Page last updated at 17:58 GMT, Monday, 21 July 2008 18:58 UK

Sarkozy denies pressurising Irish

Ireland's PM Brian Cowen (left) with French President Nicolas Sarkozy in Dublin, 21 Jul 08
Both leaders said they were working jointly to find a "solution"

French President Nicolas Sarkozy insists that no EU "solution" will be imposed on the Republic of Ireland to break the Lisbon Treaty impasse.

Speaking after talks in Dublin, he said there was "no misunderstanding" about a possible second Irish referendum.

Irish voters rejected the EU reform treaty in a referendum on 12 June.

Mr Sarkozy denied having suggested that Ireland hold a new referendum. "I said at some point or other the Irish must give their opinion," he told reporters.

"I never said Ireland had to organise a new referendum... I understand it's the Irish who must decide," he said, but added that "we're a Europe of 27". He noted that 23 member states had already ratified the treaty.

He was addressing a joint news conference with Irish Taoiseach (Prime Minister) Brian Cowen, after their talks.

Election timetable

Both leaders pointed to the European Parliament elections in June 2009, which they said would have to be held either under the Lisbon Treaty or the current Nice Treaty, which was designed for no more than 27 member states.

Protesters await President Nicolas Sarkozy in Dublin, 21/07/08
Protesters asked: "So what does democracy in Europe mean?"

Earlier this month, Mr Sarkozy was quoted as saying the Republic of Ireland would have to hold a second referendum on the EU treaty. The BBC's Jonny Dymond in Dublin says that reported remark annoyed many Irish politicians.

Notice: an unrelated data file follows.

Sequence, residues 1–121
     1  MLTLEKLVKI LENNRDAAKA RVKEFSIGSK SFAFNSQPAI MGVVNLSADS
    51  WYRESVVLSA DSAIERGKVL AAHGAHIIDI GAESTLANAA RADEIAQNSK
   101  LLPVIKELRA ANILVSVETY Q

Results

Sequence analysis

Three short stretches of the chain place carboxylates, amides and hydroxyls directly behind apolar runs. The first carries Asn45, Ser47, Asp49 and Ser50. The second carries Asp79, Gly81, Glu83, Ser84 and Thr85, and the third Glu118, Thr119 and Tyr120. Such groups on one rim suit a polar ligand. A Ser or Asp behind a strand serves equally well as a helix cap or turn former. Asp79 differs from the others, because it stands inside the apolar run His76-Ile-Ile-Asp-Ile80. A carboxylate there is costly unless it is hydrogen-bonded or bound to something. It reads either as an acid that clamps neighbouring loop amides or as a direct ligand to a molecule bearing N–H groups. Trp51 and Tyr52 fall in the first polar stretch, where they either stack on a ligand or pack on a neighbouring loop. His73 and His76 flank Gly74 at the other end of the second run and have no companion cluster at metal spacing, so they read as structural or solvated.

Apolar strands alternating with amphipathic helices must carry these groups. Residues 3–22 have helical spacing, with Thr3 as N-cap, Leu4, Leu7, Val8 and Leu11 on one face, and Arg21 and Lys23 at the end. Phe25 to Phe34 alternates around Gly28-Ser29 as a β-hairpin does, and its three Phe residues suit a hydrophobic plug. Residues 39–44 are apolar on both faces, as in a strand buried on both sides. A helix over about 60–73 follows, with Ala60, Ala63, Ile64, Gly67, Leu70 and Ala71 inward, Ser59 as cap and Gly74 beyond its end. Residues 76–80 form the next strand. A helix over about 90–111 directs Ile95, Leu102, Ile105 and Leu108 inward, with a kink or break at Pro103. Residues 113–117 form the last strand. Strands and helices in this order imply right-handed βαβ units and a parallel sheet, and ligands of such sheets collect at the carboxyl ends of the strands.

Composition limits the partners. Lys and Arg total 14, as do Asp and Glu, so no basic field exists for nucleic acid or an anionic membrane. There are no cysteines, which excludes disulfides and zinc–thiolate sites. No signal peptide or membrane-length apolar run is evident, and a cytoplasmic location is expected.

Several hundred anti-treaty protesters rallied outside the government building in Dublin during Mr Sarkozy's brief visit.

The French president met not only Irish politicians but also business leaders and campaigners from the Yes and No camps in the Lisbon Treaty debate.

Ireland was the only one of 27 EU member states to hold a referendum on the treaty, which is aimed at streamlining EU institutions to improve decision-making in the enlarged bloc.

Critics see the treaty as further evidence of a federalist, pro-integration agenda at work in the EU.

After the Irish No vote, Mr Cowen's government said it would analyse the reasons for the result and present its ideas at an EU summit in October. France took over the EU's six-month rotating presidency on 1 July.

"We'll work together on this, there are no ready-made solutions," Mr Cowen told reporters on Monday.

He plans to visit Paris in September for further talks with Mr Sarkozy on resolving the treaty impasse.

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